UNITED KINGDOM, March 7, 2017 (LifeSiteNews) – An undercover investigation by Britain's Daily Mail newspaper discovered the scandal-plagued abortion giant Marie Stopes International is fast-tracking abortion approvals in as little as 22 seconds.
The paper sent a female undercover reporters into Marie Stopes clinics, where they found them using same procedural shortcuts that resulted in the suspension of many of its operations last year.
Marie Stopes does about 60,000 to 70,000 abortions a year. Under the Abortion Act of 1967, two doctors must agree the woman will face more health risks by having her baby than by having an abortion.
However, the Daily Mail reported, “Marie Stopes doctors approve thousands of abortions without meeting women … based on only a brief phone conversation with a call centre worker.” Several of these intake workers appeared to coach callers to give reasons that would fit the legislation.
The paper provided a transcript of one conversation in which the reporter repeatedly expressed concern about explaining to doctors her reason for the abortion. The care worker said their conversation was fulfilling that requirement.
“Right, so I won't have to talk. I don’t talk to him about my reason,” the reporter asked. “No, no, not at all. We’ve already documented your reason, OK?” responded the care worker.
The same transcript shows the woman giving as her reason, “I just don’t want to have my baby.” The worker replied, “Yeah? So it’s just not the right time for you at the moment, or … ”
The reporter then said, “Yeah, yeah. Exactly, yeah.” The worker replied, “Yeah? That’s fine. That will come under ‘emotional reasons.’” A second reporter gave the same reason and got virtually the same response: “That would fall down as an emotional reason.”
Last year, the Care Quality Commission suspended many MSI operations for a month and a half because of inadequate practices. The suspension included all abortions for women under age 18 and “vulnerable” women because the clinics were not taking enough care to secure informed consent. MSI also had to halt all abortions under general anaesthesia or conscious sedation because the clinics did not provide trained specialist assistants for the doctors. Finally, all abortions at MSI’s Norwich clinic were halted.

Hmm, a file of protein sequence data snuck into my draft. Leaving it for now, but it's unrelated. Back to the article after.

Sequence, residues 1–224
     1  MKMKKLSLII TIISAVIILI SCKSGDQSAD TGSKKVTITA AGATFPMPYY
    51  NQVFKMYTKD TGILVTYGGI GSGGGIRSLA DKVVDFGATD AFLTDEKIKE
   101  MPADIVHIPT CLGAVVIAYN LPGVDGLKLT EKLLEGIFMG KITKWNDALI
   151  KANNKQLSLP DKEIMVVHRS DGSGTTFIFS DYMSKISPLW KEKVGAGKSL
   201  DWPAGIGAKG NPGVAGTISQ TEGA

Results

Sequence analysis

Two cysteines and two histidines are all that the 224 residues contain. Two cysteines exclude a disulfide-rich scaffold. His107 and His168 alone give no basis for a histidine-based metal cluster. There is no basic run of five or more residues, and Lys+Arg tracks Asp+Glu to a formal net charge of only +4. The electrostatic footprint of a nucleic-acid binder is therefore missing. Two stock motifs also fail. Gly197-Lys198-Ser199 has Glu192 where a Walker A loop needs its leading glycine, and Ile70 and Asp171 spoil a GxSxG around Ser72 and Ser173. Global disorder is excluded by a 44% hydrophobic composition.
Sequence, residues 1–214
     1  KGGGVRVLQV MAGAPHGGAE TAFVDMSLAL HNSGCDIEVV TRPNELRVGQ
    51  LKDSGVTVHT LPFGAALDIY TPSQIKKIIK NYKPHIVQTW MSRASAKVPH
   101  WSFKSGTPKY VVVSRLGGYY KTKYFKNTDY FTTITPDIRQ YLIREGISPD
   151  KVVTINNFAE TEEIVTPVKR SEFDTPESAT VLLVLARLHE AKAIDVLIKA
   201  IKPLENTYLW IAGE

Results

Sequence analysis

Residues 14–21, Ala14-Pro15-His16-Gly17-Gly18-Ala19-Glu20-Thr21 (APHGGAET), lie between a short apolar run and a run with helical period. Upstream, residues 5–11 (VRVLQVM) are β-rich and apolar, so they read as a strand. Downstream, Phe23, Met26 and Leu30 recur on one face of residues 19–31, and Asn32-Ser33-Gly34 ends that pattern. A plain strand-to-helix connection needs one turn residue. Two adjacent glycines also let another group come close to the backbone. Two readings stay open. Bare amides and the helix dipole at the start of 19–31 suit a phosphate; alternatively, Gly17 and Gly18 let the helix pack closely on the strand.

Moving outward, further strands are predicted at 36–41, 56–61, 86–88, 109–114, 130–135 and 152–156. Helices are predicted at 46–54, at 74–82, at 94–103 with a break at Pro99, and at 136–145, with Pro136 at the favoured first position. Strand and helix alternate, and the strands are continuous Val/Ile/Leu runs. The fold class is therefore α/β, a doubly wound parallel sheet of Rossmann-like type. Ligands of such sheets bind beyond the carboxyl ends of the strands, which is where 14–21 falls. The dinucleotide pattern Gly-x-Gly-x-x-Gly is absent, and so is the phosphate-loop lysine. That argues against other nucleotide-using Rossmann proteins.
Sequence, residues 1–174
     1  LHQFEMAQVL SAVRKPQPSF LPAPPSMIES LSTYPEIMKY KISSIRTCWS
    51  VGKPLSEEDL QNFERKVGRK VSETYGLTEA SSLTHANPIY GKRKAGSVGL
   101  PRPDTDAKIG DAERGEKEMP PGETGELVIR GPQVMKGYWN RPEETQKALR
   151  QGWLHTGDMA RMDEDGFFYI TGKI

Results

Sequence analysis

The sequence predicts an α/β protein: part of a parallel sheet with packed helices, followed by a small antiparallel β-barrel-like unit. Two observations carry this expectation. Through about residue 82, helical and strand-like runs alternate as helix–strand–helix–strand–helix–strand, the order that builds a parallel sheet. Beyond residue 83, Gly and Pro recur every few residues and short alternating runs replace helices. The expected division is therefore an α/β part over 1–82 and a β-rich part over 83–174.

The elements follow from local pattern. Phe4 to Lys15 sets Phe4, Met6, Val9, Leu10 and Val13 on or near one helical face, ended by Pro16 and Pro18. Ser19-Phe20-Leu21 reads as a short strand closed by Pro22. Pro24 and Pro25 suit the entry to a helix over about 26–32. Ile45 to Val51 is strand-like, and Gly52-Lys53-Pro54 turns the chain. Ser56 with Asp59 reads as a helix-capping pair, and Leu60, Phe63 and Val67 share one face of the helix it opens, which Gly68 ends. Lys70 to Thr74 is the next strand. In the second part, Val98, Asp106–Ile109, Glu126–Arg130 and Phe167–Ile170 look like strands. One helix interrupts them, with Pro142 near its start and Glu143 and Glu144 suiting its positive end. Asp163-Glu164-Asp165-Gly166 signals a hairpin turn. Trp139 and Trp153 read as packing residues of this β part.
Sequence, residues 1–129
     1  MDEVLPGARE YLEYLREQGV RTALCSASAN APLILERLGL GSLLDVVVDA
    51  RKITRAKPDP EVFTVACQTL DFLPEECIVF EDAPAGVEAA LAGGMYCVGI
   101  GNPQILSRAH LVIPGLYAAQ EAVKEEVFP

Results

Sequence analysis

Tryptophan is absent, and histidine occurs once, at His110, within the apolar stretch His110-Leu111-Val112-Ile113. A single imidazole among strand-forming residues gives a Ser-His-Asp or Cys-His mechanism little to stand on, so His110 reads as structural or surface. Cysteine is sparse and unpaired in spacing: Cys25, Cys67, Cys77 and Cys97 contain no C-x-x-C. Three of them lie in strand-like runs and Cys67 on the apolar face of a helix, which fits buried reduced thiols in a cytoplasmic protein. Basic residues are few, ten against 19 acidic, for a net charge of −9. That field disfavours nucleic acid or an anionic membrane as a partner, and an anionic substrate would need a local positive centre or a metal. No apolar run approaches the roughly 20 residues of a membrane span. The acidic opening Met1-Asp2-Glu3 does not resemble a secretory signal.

The Commission found doctors were signing permission forms in bulk. According to the Daily Mail, the commission reported “one doctor signing 26 consent forms in two minutes.”
In addition to its undercover reporter’s story, the Daily Mail’s expose included firsthand experiences with Marie Stopes from a doctor who worked there and a story about a woman who went seeking an abortion. Both used the expression “conveyor belt” to describe the urgency that MSI staff rushed patients through the approval process and the surgery or the dispensing of abortion pills.
“I went expecting sympathy, kindness and compassion and it was nothing like that. It was like a beauty parlor when you queue to have your waxing,” said Jade Stevens, who was 37 and a mother of three when she sought an abortion.
She told the Daily Mail she never saw a doctor and never got counseling.
“I saw several nurses and explained my situation. I felt like they wanted me to have an abortion,” Stevens said. “The place was chock-a-block with people. It is all about money.”
At the last moment, while lying on the operating table, she decided to have her baby.
Dr. John Parsons performed abortions at MSI in 2010. “The management took every opportunity to cut costs, cut corners and squeeze patients through as fast as possible with the least demanding protocol for treatment,” he said.
He said healthcare assistants “had just 20 minutes to explain the procedures to each patient, perform an ultrasound and take a medical history and a blood sample.” Medical staff operated “in a climate of fear” as administrators pushed them to process patients quickly.
The law does not require doctors to see patients face to face to approve their reasons for getting an abortion. But the consistent failure of MSI doctors to do just that was one of the concerns the Care Quality Commission raised a the time of the suspension.
Paul McPartlan, MSI’s managing director, told the Daily Mail that “our services comply fully with UK abortion law.” He said MSI had worked hard to bring its operation into compliance with the Commission's requirements. Another MSI employee said Parsons’ “views are not an accurate reflection of where the organization was at the time.” As well, they are seven years out of date and are unrelated to current conditions.
Nonetheless, two pro-life groups, Life and the Society for the Protection of Unborn Children, launched a joint petition for MSI’s permanent suspension.
SPUC chief executive John Smeaton said, “It is beyond comprehension that these state-sponsored death factories are allowed to remain open despite 2,600 failures being uncovered by inspectors — reportedly including doctors going home while women remained unsedated and foetuses thrown into bins instead of being cremated.”